WASHINGTON — In a political gamble that will reverberate through the November election, the Senate approved President Obama’s plan to keep tax rates the same for all but the top 2 percent of American taxpayers.
Democrats think Wednesday’s action will shift the debate in a Congress that has been stalemated by partisan inaction, giving momentum to Obama’s proposal — and drawing a contrast with Mitt Romney, the presumptive Republican presidential nominee. The Senate approved the measure, 51-48, with two Democrats joining solid GOP opposition.
Congress’ failure to extend the lower tax rates from the George W. Bush administration would result in a tax increase on most Americans, a prospect that poses enormous risk for both parties.
Democrats rejected a Republican proposal Wednesday, 54-45, to extend the tax cuts for all Americans. Two Republicans, Scott Brown of Massachusetts and Susan Collins of Maine, crossed party lines to oppose the measure; one Democrat, Sen. Mark Pryor of Arkansas, joined the GOP.
Vice President Joe Biden — who could vote only to break a tie — presided.
That provoked a spirited debate between party leaders in the usually cordial chamber.
“Republicans should not force middle-class families off their fiscal cliff to protect more wasteful giveaways to millionaires and billionaires,” said Senate Majority Leader Harry Reid (D-Nev.). “We’re on the side of the American people.”
Sen. Mitch McConnell of Kentucky, the Republican leader, reminded senators that he and the vice president had negotiated the 2010 deal extending the then-expiring Bush tax rates for two more years — until this December.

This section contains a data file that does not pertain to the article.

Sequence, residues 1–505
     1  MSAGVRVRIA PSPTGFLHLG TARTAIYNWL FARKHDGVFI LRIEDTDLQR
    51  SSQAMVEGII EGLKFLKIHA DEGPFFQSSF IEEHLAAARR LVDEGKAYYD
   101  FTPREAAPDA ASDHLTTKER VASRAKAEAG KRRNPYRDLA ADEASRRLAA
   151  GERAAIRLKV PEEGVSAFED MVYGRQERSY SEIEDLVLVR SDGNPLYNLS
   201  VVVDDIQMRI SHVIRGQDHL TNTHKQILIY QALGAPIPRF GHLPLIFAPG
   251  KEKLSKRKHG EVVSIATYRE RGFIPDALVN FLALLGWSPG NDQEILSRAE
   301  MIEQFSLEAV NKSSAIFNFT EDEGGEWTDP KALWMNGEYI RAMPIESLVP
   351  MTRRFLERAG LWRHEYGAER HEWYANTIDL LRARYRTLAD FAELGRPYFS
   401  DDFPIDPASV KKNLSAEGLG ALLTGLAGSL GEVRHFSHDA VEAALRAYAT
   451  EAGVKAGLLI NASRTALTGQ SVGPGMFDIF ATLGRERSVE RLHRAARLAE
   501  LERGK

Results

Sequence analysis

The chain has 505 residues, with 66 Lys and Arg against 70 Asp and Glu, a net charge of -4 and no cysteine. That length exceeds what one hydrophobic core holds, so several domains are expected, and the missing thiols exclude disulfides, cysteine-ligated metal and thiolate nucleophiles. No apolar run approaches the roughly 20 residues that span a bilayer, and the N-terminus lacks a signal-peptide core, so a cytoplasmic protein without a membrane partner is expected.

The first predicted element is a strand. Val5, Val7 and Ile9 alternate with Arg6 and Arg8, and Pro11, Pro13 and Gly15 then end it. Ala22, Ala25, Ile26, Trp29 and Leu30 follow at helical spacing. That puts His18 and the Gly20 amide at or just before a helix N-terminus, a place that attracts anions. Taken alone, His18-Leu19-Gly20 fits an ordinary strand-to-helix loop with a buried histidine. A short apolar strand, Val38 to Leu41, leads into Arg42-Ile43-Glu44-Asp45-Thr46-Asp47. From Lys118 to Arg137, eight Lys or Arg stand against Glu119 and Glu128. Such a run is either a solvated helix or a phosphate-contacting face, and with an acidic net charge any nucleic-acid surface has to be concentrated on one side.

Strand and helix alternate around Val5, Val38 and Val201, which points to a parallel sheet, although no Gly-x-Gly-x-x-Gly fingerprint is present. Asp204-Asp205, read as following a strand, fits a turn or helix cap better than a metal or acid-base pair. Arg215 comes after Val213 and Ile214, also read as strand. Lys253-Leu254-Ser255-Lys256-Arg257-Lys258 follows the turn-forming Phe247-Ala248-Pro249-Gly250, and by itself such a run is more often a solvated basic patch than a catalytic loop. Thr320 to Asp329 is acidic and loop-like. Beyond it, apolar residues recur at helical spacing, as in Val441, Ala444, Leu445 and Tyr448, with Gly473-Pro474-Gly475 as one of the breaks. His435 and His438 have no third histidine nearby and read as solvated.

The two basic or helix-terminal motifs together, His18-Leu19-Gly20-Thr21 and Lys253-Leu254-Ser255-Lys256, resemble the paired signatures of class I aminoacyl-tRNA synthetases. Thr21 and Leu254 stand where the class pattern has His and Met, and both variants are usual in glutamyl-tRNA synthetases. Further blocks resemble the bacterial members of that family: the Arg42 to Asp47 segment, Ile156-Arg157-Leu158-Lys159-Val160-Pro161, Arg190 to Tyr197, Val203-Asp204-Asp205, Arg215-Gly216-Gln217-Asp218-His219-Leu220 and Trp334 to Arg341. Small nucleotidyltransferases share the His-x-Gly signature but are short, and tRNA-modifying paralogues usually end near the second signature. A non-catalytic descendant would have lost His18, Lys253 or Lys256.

McConnell said Biden, who under Senate rules could not engage in debate, should be “grateful” he did not have to explain the difference in the White House’s position between then and now.
“This is a debate I don’t think you would want to lead,” McConnell said.
Biden and McConnell later exchanged words on the Senate floor.
In 2010, some Democrats pressed to raise rates on the wealthy, but others feared that would cost them the election in a year of anti-tax fervor. As all the tax cuts were about to expire, Democrats decided to keep lower rates for all taxpayers, but many have felt remorse over that deal. This year, the party is playing hardball on the issue.
Obama congratulated the Senate after the vote.
“House Republicans are now the only people left in Washington holding hostage the middle-class tax cuts,” he said in a statement. “It’s time for House Republicans to drop their demand for another $1-trillion giveaway to the wealthiest Americans and give our families and small businesses the financial security and certainty that they need.”
Senate passage of the tax measure puts pressure on the House, where Speaker John A. Boehner (R-Ohio) has set votes for next week on the GOP proposal to preserve lower rates for all taxpayers.
Obama wants to keep tax rates at their current levels for most Americans, but raise rates on income above $200,000 a year for individuals and $250,000 for couples. The top tax bracket would rise from 35% to 39.6%.
The Democrats’ plan would also boost rates on capital gains and dividends among higher earners and allow the estate tax to revert to its 2001 level: a 55% tax rate on inheritances, with an exemption on the first $1 million.
Keeping the lower tax rates for upper-income earners, as Republicans prefer, would add $1 trillion to the deficit over the next decade. Republicans say higher rates would punish small-business owners. Nearly a million taxpayers, about 2.5% of those who file as corporations, would be affected, according to tax analysts.
Under the Republican plan, certain tax breaks for middle- and lower-income earners that were first approved as part of Obama’s economic recovery program in 2009 would be dropped. Republicans say those breaks for college costs and tax refunds for the working poor have not helped to stimulate the economy, and should be discontinued.
Neither the House nor Senate bills are expected to become law, but will be starting points for negotiations after the election — in the weeks before the tax cuts are due to expire.
© 2012 the Los Angeles Times
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